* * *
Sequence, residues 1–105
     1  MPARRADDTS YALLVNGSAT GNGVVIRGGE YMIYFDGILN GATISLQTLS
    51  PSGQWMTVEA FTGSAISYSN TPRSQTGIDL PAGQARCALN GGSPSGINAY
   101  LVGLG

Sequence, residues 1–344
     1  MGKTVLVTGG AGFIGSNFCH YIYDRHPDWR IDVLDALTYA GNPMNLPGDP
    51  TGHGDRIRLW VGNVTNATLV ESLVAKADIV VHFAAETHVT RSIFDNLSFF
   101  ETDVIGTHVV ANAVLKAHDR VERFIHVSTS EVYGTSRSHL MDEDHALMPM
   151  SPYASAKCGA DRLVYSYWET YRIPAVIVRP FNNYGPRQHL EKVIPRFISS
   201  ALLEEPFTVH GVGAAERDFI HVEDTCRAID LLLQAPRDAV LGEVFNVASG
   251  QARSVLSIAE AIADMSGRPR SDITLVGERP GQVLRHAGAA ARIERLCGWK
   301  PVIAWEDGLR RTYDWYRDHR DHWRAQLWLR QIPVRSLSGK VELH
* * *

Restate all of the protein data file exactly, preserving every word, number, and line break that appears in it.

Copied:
Sequence, residues 1–105
     1  MPARRADDTS YALLVNGSAT GNGVVIRGGE YMIYFDGILN GATISLQTLS
    51  PSGQWMTVEA FTGSAISYSN TPRSQTGIDL PAGQARCALN GGSPSGINAY
   101  LVGLG

Sequence, residues 1–344
     1  MGKTVLVTGG AGFIGSNFCH YIYDRHPDWR IDVLDALTYA GNPMNLPGDP
    51  TGHGDRIRLW VGNVTNATLV ESLVAKADIV VHFAAETHVT RSIFDNLSFF
   101  ETDVIGTHVV ANAVLKAHDR VERFIHVSTS EVYGTSRSHL MDEDHALMPM
   151  SPYASAKCGA DRLVYSYWET YRIPAVIVRP FNNYGPRQHL EKVIPRFISS
   201  ALLEEPFTVH GVGAAERDFI HVEDTCRAID LLLQAPRDAV LGEVFNVASG
   251  QARSVLSIAE AIADMSGRPR SDITLVGERP GQVLRHAGAA ARIERLCGWK
   301  PVIAWEDGLR RTYDWYRDHR DHWRAQLWLR QIPVRSLSGK VELH